A couple of years ago we were looking to add some color to our yard, so we planted a yellow tree. This Princeton gold maple features big, greenish-yellow leaves that turn bright yellow in the fall.
While the tree’s color has lived up to its billing, there is one characteristic of this young tree that we did not expect. It leans whatever way the wind blows. Sometimes that lean can be dramatic.
When we bought the tree it came in a 10-gallon bucket with a bamboo stick tied to its trunk to help it straighten as it grows. The bamboo lasted about a year before breaking leaving the tree to stand on its own. With wide, heavy leaves and a thin, still-developing trunk, the tree looks like a windsock whenever a breeze comes up.
After a particularly windy spring, I wondered if this tree would ever grow straight, so I did some research. Specifically, I wanted to know, “Should we provide extra support by staking the tree?”
What I found surprised me.
According to Lindsey Purcell, Urban Forestry Specialist at Purdue University, we should resist the urge to give the tree extra support.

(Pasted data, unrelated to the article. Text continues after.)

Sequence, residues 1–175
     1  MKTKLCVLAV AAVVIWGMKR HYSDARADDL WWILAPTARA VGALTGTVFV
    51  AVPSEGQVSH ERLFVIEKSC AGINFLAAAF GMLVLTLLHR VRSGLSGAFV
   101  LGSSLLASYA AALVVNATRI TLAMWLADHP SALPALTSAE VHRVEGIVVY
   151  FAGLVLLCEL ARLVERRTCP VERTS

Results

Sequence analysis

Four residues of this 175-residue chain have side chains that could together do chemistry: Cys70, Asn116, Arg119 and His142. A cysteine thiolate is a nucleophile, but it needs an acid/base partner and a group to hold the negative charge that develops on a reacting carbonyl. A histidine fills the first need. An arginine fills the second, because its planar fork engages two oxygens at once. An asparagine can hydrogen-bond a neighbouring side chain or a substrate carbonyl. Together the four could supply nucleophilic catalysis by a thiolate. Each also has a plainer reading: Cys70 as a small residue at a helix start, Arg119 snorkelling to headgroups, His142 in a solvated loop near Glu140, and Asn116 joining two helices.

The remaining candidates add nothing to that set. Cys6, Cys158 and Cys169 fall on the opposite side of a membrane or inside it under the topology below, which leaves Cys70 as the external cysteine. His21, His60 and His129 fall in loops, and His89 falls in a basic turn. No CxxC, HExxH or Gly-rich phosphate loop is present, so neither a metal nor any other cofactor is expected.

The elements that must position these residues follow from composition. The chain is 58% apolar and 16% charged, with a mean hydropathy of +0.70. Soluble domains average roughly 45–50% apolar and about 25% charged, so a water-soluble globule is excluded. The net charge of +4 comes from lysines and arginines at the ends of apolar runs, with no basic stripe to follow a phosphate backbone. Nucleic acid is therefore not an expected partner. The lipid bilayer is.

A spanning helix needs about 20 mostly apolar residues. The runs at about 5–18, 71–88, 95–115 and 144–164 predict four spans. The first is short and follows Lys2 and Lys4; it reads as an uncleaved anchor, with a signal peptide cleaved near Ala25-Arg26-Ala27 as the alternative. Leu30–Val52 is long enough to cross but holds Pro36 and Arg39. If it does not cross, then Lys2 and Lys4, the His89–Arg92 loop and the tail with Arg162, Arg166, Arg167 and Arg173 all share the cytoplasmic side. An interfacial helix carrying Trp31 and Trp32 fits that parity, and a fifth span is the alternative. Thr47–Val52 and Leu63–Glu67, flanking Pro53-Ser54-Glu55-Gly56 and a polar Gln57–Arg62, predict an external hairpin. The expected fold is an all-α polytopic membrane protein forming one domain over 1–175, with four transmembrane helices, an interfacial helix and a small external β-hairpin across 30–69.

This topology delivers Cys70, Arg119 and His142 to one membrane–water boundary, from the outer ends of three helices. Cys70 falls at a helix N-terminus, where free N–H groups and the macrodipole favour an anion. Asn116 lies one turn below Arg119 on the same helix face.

“Do not stake trees unless absolutely necessary. Over time, trees swaying in the wind develop extra strength to withstand directional forces. If conditions are consistent, trees will initiate changes in their development to compensate for these loading patterns. They are biologically engineered to adjust to external loading, under normal conditions.
In other words, resiliency results from enduring moderate stress.
That being said, I still wanted to know when it might be “absolutely necessary” to stake my yellow tree, so I called a local tree nursery where they shared this useful rule of thumb:
“If the tree returns to a vertical shape when the wind isn’t blowing, then it’s doing just fine. Though it might not look like it, the wind actually helps strengthen the trunk.”
I thought about the parallels to working with our student athletes who are constantly being pulled by competing demands from athletics, academics, work, family, and the like. Sometimes they look like a windsock, being blown around from one thing to the next. They might seem fragile and unsteady, but like our yellow tree, that stress is necessary for their growth.
At the same time, while they are growing in resiliency, it’s important for them to find time when the wind isn’t blowing to gauge whether or not they are able to straighten out on their own, to find rest, to be present, to be rooted without leaning.
As a coach, I have some ability to affect how much wind is generated by the demands of my sport. Am I prescribing a reasonable amount of stress that strengthens without breaking the trunk? Do I recognize when players need time to pause, rest, and recalibrate? Do I do this for myself as well?
Food for thought.